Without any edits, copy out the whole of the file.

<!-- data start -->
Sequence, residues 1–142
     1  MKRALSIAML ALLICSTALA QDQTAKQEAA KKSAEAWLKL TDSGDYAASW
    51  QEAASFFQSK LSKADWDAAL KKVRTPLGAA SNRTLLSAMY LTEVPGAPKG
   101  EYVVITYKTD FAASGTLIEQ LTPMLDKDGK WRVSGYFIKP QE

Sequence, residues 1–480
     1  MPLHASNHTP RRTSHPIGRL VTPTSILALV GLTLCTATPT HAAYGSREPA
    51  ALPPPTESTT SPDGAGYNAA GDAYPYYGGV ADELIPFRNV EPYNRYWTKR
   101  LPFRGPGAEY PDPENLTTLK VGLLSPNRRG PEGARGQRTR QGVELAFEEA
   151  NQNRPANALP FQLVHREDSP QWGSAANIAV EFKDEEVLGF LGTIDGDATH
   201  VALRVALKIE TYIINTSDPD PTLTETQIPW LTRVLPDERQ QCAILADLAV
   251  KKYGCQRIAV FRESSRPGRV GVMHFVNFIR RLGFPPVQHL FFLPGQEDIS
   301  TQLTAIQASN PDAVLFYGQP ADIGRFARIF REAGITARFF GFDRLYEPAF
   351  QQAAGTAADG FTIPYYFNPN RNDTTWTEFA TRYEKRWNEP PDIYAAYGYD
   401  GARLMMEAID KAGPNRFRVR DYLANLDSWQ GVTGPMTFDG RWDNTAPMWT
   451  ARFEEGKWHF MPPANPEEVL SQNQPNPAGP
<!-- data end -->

Sequence, residues 1–142
     1  MKRALSIAML ALLICSTALA QDQTAKQEAA KKSAEAWLKL TDSGDYAASW
    51  QEAASFFQSK LSKADWDAAL KKVRTPLGAA SNRTLLSAMY LTEVPGAPKG
   101  EYVVITYKTD FAASGTLIEQ LTPMLDKDGK WRVSGYFIKP QE

Sequence, residues 1–480
     1  MPLHASNHTP RRTSHPIGRL VTPTSILALV GLTLCTATPT HAAYGSREPA
    51  ALPPPTESTT SPDGAGYNAA GDAYPYYGGV ADELIPFRNV EPYNRYWTKR
   101  LPFRGPGAEY PDPENLTTLK VGLLSPNRRG PEGARGQRTR QGVELAFEEA
   151  NQNRPANALP FQLVHREDSP QWGSAANIAV EFKDEEVLGF LGTIDGDATH
   201  VALRVALKIE TYIINTSDPD PTLTETQIPW LTRVLPDERQ QCAILADLAV
   251  KKYGCQRIAV FRESSRPGRV GVMHFVNFIR RLGFPPVQHL FFLPGQEDIS
   301  TQLTAIQASN PDAVLFYGQP ADIGRFARIF REAGITARFF GFDRLYEPAF
   351  QQAAGTAADG FTIPYYFNPN RNDTTWTEFA TRYEKRWNEP PDIYAAYGYD
   401  GARLMMEAID KAGPNRFRVR DYLANLDSWQ GVTGPMTFDG RWDNTAPMWT
   451  ARFEEGKWHF MPPANPEEVL SQNQPNPAGP